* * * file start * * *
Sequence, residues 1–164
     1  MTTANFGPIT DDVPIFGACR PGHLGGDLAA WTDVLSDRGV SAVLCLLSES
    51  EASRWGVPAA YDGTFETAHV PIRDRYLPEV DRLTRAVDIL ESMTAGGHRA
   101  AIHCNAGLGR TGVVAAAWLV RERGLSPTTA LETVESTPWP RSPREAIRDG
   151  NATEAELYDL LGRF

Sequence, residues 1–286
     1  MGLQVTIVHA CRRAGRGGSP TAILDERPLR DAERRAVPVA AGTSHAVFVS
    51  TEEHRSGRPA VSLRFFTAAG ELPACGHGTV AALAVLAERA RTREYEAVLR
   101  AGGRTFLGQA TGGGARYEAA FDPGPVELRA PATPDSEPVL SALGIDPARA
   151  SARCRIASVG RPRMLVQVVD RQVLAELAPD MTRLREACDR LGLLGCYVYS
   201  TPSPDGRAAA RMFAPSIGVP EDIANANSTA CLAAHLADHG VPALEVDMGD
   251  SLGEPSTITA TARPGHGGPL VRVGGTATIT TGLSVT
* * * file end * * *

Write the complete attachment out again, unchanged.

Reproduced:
Sequence, residues 1–164
     1  MTTANFGPIT DDVPIFGACR PGHLGGDLAA WTDVLSDRGV SAVLCLLSES
    51  EASRWGVPAA YDGTFETAHV PIRDRYLPEV DRLTRAVDIL ESMTAGGHRA
   101  AIHCNAGLGR TGVVAAAWLV RERGLSPTTA LETVESTPWP RSPREAIRDG
   151  NATEAELYDL LGRF

Sequence, residues 1–286
     1  MGLQVTIVHA CRRAGRGGSP TAILDERPLR DAERRAVPVA AGTSHAVFVS
    51  TEEHRSGRPA VSLRFFTAAG ELPACGHGTV AALAVLAERA RTREYEAVLR
   101  AGGRTFLGQA TGGGARYEAA FDPGPVELRA PATPDSEPVL SALGIDPARA
   151  SARCRIASVG RPRMLVQVVD RQVLAELAPD MTRLREACDR LGLLGCYVYS
   201  TPSPDGRAAA RMFAPSIGVP EDIANANSTA CLAAHLADHG VPALEVDMGD
   251  SLGEPSTITA TARPGHGGPL VRVGGTATIT TGLSVT